“Russia and Ukraine Play Up Compromise as Peace Talks Set to Resume”

“Russia and Ukraine both emphasized new-found scope for compromise on Wednesday as peace talks were set to resume three weeks into a Russian assault that has so far failed to topple the Ukrainian government.

Ukraine’s President Volodymyr Zelenskyy said the talks were becoming “more realistic,” while Russian Foreign Minister Sergei Lavrov said there was “some hope for compromise,” with neutral status for Ukraine – a major Russian demand – now on the table.

The Kremlin said the sides were discussing status for Ukraine similar to that of Austria or Sweden, members of the European Union that are outside the NATO military alliance.

Three weeks into the invasion, Russian troops have been halted at the gates of Kyiv, having taken heavy losses and failed to seize any of Ukraine’s biggest cities in a war Western officials say Moscow thought it would win within days.

Ukrainian officials have expressed hope this week that the war could end sooner than expected – even within weeks – as Moscow was coming to terms with a lack of fresh troops to keep fighting.

Talks were due to resume on Wednesday by video link for what would be a third straight day, the first time they have lasted more than a single day, which both sides have suggested means they have entered a more serious phase.

“The meetings continue, and, I am informed, the positions during the negotiations already sound more realistic. But time is still needed for the decisions to be in the interests of Ukraine,” Zelenskyy said in a video address overnight.”

Comment: The Ukrainians’ best hope lies in continuing to kill Russian soldiers in an effort to demonstrate to Moscow that in fact their campaign is well past the “culminating point” I wrote of earlier.

If I were among the Ukrainian leaders, I would accept the notion of neutralization of Ukraine and the loss of some territory in the east, but I would never accept the idea of the disarmament of the country. Neutrality has worked well for Sweden, Finland and Switzerland BECAUSE they are heavily armed. pl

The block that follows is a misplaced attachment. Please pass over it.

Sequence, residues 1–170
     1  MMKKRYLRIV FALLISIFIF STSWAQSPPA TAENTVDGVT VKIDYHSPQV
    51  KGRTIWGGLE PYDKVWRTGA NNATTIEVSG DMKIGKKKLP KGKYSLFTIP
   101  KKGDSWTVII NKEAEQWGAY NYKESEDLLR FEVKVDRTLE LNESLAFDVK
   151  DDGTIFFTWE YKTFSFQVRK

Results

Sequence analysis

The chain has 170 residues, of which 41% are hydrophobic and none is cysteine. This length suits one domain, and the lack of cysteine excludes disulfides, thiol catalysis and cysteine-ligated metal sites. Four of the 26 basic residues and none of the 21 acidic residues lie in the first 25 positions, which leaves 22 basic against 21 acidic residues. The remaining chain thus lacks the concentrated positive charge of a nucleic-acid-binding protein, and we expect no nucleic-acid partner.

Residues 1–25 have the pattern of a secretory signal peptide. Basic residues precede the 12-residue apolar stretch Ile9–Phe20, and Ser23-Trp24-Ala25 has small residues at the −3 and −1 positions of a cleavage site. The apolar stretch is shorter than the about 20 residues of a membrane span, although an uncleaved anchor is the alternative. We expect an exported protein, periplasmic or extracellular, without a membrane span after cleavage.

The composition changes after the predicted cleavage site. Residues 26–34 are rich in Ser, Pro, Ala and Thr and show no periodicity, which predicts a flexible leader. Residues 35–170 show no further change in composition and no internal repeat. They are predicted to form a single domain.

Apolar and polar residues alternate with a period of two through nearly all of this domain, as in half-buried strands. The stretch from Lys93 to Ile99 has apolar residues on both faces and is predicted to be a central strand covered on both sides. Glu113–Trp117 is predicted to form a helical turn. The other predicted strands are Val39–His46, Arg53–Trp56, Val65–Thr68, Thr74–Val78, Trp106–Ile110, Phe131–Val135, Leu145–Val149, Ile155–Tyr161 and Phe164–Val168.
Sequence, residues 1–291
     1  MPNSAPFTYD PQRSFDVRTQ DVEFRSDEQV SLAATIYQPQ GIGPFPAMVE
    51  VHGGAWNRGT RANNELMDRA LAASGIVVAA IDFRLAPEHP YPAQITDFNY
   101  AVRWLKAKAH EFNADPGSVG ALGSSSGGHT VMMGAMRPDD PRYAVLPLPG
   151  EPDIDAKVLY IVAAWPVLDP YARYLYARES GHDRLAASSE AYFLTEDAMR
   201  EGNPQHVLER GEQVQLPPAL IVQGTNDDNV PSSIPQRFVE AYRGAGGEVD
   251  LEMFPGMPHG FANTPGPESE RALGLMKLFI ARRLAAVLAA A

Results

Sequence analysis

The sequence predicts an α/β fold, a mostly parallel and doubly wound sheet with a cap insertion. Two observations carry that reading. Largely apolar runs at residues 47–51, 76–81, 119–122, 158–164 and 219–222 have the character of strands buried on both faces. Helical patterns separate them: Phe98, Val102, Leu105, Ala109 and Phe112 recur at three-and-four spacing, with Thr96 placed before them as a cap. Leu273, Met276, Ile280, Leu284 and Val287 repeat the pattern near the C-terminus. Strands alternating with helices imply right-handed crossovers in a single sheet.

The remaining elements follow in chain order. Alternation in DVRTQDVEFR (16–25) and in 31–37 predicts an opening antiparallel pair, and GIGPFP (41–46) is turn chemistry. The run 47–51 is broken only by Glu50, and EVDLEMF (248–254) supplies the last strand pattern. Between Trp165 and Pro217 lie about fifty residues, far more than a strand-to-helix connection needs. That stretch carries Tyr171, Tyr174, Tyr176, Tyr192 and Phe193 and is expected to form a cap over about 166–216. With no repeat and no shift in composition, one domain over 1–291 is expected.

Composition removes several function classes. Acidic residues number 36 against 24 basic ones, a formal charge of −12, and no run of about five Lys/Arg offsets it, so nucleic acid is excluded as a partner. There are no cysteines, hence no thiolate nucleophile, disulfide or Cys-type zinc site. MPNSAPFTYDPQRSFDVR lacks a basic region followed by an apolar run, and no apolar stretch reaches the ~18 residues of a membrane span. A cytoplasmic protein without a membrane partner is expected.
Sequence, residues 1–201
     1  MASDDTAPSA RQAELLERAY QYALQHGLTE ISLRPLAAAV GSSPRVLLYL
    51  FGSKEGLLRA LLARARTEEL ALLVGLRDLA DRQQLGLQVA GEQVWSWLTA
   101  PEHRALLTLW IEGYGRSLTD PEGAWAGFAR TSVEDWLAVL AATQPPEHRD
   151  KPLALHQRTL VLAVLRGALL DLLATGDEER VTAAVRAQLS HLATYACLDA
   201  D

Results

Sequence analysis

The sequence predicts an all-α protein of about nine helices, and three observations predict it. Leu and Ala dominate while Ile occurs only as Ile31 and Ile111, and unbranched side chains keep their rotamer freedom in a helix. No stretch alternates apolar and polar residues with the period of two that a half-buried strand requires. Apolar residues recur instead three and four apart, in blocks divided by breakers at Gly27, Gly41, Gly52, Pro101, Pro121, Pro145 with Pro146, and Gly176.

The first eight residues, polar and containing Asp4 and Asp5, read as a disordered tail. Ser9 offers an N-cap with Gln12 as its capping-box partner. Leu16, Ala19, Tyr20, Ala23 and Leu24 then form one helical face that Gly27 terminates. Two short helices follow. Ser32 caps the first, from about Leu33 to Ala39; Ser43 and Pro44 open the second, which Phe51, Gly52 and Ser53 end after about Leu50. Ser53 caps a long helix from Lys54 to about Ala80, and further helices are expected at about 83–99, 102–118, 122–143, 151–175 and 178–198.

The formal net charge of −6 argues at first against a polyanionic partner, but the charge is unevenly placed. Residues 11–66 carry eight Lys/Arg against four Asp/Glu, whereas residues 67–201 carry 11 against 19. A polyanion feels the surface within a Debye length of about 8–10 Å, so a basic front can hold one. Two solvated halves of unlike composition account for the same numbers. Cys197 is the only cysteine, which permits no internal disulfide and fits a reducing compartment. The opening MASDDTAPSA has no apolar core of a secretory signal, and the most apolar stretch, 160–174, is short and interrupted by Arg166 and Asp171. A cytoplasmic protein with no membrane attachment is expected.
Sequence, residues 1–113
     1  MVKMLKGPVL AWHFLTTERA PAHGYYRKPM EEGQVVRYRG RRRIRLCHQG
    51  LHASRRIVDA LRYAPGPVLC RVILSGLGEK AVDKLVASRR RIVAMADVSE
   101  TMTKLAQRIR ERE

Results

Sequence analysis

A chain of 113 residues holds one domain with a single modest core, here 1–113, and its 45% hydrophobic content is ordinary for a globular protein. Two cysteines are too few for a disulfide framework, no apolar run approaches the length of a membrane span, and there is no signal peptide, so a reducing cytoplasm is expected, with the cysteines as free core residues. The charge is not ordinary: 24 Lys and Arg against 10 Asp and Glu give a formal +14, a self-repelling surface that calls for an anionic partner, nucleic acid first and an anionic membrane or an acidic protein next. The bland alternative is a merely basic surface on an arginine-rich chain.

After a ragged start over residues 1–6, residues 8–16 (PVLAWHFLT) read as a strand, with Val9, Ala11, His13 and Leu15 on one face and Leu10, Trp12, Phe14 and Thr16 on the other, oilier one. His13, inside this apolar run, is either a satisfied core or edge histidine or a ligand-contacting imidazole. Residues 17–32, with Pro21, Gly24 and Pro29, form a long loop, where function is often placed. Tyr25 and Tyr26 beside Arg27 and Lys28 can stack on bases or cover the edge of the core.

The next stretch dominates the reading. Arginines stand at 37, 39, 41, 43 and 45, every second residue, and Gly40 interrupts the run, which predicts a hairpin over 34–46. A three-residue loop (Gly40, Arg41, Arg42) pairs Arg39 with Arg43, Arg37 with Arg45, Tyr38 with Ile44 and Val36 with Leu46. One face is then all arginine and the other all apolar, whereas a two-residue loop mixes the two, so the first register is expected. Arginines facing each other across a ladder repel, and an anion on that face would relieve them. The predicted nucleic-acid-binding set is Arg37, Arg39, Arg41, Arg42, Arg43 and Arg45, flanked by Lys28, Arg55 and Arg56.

Russia and Ukraine Play Up Compromise as Peace Talks Set to Resume | Newsmax.com

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24 Responses to “Russia and Ukraine Play Up Compromise as Peace Talks Set to Resume”

  1. TTG says:

    Neutrality as opposed to full NATO membership would be a realistic and reasonable solution. No US/NATO bases in Ukraine should be a given. That shouldn’t affect Western military training and arms sales. IMO a settlement should also include a reopening of the Crimean Canal to let water from the Dnieper River flow to the parched Crimean steppe again, even if permanent Russian occupation is not accepted. In the meantime, continue the strategy of national resistance. It is proving to be a successful strategy to counter massive Russian invasions for all the frontline states. As my great grandmother said and did, “Shoot the Bolsheviki.”

  2. Bill Roche says:

    Pat we both thought, from the start of the invasion, that acceptance/recognition of Russian Crimea (and water for Crimea) and eastern Donbas was necessary. Your comments on Sweden, Switzerland, and Finland are spot on. Ukraine too should accept a compromised independence then arm itself to the teeth. In an earlier post I used the reference of knowing when to fold’em; that time is now! Defenders too can persist past the “culminating point’ can’t they? Although the Ukrainian military remains a credible force, Putin has yet to experience the “Babushka” Brigades in the cities, and the west will continue to arm Zelinskyy; to what end? Col. MacGregor’s latest (yesterday I think) on Ukraine says the game is over and Putin has won. If there’s still time for Ukraine to disengage it is now. Unless you believe, as I do, that Putin’s objective is a long but steady return to 1914. If so, nothing short of all of all Ukraine will do.

    • Pat Lang says:

      Bill Roche
      “Defenders too can persist past the “culminating point’ can’t they?” No. The concept deas only with forces in the offense. IMO Macgregor is wrong.

  3. 505thPIR says: